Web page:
The Mojave… It’s as though nature tested a man for endurance and constancy to prove whether he was good enough to get to California.
– John Steinbeck
April rolling into May found us juggling state maps as we beelined along Interstate 15 toward California. We crossed out of Utah and into a corner of Arizona, indicated by a sign stating, “ARIZONA: THE GRAND CANYON STATE WELCOMES YOU”. Not long afterward we knew we had entered Nevada – we saw no sign, but the crossing was evident by the sudden frenzy of neon-lit casinos and road billboards advertising loose slots and lobster dinners.
Las Vegas and the Hoover Dam
We passed energy farms and power grids, and allowed I 15 to roller coaster us on a loop through Las Vegas, from which we could glimpse the glitz and glamour of the strip: Circus Circus, MGM Grand, Caesar’s Palace. The onslaught of people and traffic was dizzying after the open emptiness of the southwest. Changing to I 95, we turned straight south to Hoover Dam, that vast drop of water from the Colorado River which fuels the needs of Southern California, Nevada, Arizona, and more.
We drove through the security check that is required by all larger vehicles (I gladly and gleefully took them through every cute, organized little cubbyhole and box, excited to find I had a built-in audience), then under the gleaming white bridge which looms high above, before winding onward and upward, over the dam, to a view from high above.
Hoover Dam is an architectural wonder, set off by art deco splendor, and the gleaming bridge high above the gorge would have a million dollar view. It is possible to walk the area, but no dogs are allowed out of vehicles. We just couldn’t figure out why. More fear for the wildlife, we supposed? After all, a dog might eat their cameras. Or maybe a national security hazard, with plots involving the terrors of dog hair? The reasoning wasn’t clear, but we obeyed, staying in the truck and doing three loops up and back to admire the view before we sensed the gentle, far-off presence of the Hover Dam security following us. Maybe they saw Katie and worried for the country.
Should you find yourself in our footsteps, then at this point you will be faced with a choice:
- Option A: Travel by day. The Mojave will be hot. Small lizards and rodents with heat-shedding strategies are at home in the heat, but our human systems are less adapted. Air conditioning and the load of a trailer together will be tough on the engine, and open windows on the highway could threaten to carry maps, snacks, and possibly even the dog right out the window. Or…
- Option B: Tootle around Lake Mead, walk the shoreline, enjoy the sunset,
and hit the road again at dusk. Travel by night in the cooler air, and in the midnight hour
find a dirt path leading away from the road, and set up camp in the desert. The bright moon will light the sand and cast clear shadows of the brush and flowers by which to see your setup without ruining the view of the stars. Return to the road in the early morning and catch a sunrise, to reward you for your choice.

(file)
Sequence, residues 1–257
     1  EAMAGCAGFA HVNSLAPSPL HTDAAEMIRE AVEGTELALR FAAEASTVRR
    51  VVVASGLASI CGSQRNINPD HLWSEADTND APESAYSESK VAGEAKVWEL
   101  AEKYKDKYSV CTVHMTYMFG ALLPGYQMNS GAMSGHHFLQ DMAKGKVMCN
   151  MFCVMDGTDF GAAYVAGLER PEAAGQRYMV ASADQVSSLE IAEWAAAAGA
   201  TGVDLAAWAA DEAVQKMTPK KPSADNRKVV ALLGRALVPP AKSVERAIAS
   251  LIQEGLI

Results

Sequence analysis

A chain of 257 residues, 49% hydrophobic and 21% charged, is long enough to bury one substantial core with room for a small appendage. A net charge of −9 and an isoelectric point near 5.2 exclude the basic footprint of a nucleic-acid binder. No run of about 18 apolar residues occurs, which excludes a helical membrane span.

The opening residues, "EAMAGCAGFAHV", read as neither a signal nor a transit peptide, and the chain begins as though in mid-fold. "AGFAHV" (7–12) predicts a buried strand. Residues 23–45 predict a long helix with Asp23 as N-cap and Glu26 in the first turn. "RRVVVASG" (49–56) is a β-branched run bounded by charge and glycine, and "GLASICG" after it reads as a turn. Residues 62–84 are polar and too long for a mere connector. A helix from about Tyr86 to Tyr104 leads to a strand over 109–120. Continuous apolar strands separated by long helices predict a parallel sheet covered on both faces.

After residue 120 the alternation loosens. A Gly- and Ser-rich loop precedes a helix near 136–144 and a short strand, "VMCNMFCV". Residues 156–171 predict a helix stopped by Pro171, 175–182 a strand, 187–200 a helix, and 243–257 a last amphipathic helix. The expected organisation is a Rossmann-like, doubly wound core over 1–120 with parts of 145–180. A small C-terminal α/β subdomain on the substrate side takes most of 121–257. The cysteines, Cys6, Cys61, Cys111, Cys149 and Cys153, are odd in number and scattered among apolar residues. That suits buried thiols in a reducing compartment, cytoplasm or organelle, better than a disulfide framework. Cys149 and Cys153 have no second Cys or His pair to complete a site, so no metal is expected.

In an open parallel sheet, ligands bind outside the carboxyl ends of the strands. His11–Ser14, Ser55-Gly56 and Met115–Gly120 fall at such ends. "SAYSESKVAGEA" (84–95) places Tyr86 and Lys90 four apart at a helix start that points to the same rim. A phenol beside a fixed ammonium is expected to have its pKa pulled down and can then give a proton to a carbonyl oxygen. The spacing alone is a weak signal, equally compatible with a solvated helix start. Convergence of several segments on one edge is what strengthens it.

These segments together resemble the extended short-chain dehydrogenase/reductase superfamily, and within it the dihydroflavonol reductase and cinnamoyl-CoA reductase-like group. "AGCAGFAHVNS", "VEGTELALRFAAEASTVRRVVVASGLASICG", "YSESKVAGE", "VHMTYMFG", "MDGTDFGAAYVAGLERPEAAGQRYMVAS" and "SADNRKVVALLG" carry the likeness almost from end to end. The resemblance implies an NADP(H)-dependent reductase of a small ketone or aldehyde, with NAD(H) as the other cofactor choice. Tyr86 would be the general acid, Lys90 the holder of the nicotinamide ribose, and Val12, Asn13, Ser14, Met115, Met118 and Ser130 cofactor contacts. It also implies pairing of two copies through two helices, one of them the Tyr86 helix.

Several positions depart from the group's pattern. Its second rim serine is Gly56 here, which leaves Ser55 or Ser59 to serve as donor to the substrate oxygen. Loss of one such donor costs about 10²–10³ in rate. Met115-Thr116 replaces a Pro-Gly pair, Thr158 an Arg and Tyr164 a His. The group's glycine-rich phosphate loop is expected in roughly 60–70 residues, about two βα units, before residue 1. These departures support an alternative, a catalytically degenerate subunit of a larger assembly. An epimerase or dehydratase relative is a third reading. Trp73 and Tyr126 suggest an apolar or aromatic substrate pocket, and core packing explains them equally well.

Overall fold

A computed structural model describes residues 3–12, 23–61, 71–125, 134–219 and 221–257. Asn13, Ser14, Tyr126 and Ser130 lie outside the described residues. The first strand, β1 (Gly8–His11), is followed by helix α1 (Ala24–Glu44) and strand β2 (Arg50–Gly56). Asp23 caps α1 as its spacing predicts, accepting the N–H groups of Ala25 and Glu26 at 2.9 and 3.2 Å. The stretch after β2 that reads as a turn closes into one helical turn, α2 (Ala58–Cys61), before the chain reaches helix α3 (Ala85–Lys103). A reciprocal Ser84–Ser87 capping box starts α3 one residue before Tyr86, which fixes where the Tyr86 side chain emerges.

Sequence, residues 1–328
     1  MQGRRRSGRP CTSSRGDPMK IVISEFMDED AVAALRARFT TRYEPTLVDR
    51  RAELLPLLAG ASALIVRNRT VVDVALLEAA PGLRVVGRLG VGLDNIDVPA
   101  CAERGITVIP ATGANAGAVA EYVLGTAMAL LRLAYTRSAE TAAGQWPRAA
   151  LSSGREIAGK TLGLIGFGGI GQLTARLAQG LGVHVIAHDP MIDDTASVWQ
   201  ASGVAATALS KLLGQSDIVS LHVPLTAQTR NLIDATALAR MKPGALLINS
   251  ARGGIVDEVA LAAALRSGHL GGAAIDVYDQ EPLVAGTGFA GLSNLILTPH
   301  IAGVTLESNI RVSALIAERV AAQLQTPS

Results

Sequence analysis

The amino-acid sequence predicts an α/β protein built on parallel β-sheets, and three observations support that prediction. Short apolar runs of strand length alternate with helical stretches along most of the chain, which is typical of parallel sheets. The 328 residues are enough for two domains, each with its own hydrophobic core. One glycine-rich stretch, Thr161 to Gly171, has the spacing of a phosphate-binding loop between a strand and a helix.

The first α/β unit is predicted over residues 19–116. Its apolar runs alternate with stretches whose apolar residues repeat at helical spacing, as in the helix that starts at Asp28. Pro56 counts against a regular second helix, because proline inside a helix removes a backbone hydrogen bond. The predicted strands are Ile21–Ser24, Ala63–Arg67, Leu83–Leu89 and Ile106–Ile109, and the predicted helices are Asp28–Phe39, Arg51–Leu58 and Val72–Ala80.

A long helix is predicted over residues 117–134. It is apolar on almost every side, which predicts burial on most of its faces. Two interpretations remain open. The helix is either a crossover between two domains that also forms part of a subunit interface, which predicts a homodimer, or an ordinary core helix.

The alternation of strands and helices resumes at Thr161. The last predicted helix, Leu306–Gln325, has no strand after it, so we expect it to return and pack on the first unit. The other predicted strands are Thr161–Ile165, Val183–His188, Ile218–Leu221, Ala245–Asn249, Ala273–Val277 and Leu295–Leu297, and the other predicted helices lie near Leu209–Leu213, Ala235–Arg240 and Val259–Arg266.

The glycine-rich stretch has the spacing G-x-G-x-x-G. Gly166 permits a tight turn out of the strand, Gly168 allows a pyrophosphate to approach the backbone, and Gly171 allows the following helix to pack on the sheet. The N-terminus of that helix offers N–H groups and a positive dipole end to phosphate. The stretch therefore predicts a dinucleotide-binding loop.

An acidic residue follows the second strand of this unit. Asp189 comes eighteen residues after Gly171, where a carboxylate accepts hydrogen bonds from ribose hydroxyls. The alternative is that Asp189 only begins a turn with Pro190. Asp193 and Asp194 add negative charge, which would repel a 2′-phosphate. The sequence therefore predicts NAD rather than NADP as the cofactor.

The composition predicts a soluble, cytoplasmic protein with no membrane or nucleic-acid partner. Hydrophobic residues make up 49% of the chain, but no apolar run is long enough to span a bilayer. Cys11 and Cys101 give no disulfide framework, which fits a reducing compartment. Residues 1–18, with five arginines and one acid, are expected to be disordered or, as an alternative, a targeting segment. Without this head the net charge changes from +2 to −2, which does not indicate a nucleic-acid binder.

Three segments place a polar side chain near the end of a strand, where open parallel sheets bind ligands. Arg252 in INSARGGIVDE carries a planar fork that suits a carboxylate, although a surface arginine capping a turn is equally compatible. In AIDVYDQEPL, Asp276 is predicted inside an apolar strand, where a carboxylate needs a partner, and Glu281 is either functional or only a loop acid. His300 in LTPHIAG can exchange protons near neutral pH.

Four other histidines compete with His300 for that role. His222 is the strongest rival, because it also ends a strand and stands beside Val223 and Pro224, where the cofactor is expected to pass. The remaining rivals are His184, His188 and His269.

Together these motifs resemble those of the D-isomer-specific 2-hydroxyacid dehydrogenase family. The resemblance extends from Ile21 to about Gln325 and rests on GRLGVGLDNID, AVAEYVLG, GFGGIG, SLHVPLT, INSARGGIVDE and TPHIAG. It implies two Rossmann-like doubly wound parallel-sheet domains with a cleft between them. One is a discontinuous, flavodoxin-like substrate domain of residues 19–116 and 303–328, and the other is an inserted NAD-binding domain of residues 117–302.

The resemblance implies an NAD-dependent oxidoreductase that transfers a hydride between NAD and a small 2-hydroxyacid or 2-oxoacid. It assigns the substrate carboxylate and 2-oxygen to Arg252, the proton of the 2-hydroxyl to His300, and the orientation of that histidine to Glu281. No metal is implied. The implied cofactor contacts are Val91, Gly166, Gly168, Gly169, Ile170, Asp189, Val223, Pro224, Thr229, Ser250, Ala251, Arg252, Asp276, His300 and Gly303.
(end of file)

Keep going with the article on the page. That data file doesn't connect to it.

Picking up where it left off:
Joshua Tree National Park
We had crossed into California during the night, and made it to Joshua Tree National Park early morning. Coming in the entrance from the charmingly named town of Twentynine Palms (we didn’t stop to count), we started with the Visitor Center (shopper’s tip: great t-shirts here). One of the NP maintenance folks stopped by to admire our rig. He was enthusiastic, and wistful. “My son wants to hit the road. This looks just right for him. Just a few more years until I retire. Maybe just right for me, too…”
Joshua Trees are wild things to see. U2 was onto something there. They are like palm trees that have chosen a spiky haircut instead of palmy dreadlocks, and they keep regular company with their cousins, the cholla, who are the real bad boys of the neighborhood. With names like “teddybear cholla” and “jumping cholla,” they are just ready to jump out and grab you – and eat you alive. My neighbor at home in Denver keeps a cactus and succulent garden in a hot space out back by the alley. It is stunning to behold, with bold flowers, a natural shapeliness that pleases the inner engineer – but woe betide the person passing on their bike, looking at their cell phone, who misses the cholla that sticks out into the alley. It is death, better than a guard goose to protect the space. In summer my neighbor prunes carefully (for aesthetics, but also presumably to avoid lawsuits) with machete and multiple pairs of leather gloves. Cactus pruning, now that’s badass.
Between Joshua Tree and the coast is one long, wide spread-out stretch of Los Angeles and its environs. We consulted iMap, Google Maps, and my mother, and decided there’s really never a good time to do it. Just hit the road, grin and bear the traffic, and get through it. Stopping first for an unlikely Cambodian Noodle lunch at JT’s Country Kitchen, we put pedal to the metal (then went bumper to bumper) until, late that evening, we found ourselves on that beloved stretch of coast from Ventura to Santa Barbara. My folks met us at the exit from Highway 101 and we wound the last few miles up the hills of Montecito to their house overlooking the ocean, 1000 feet above the water. Cool breeze, fresh sheets, a giant shower (well, heck, a shower at all), home cooking, familiarity, hanging out with my parents – it was good to be there, home away from home. We settled in for some time in a place we love.
As my dad put it, “What other campgrounds offer fish dinner, wine, and a pool?” And family.
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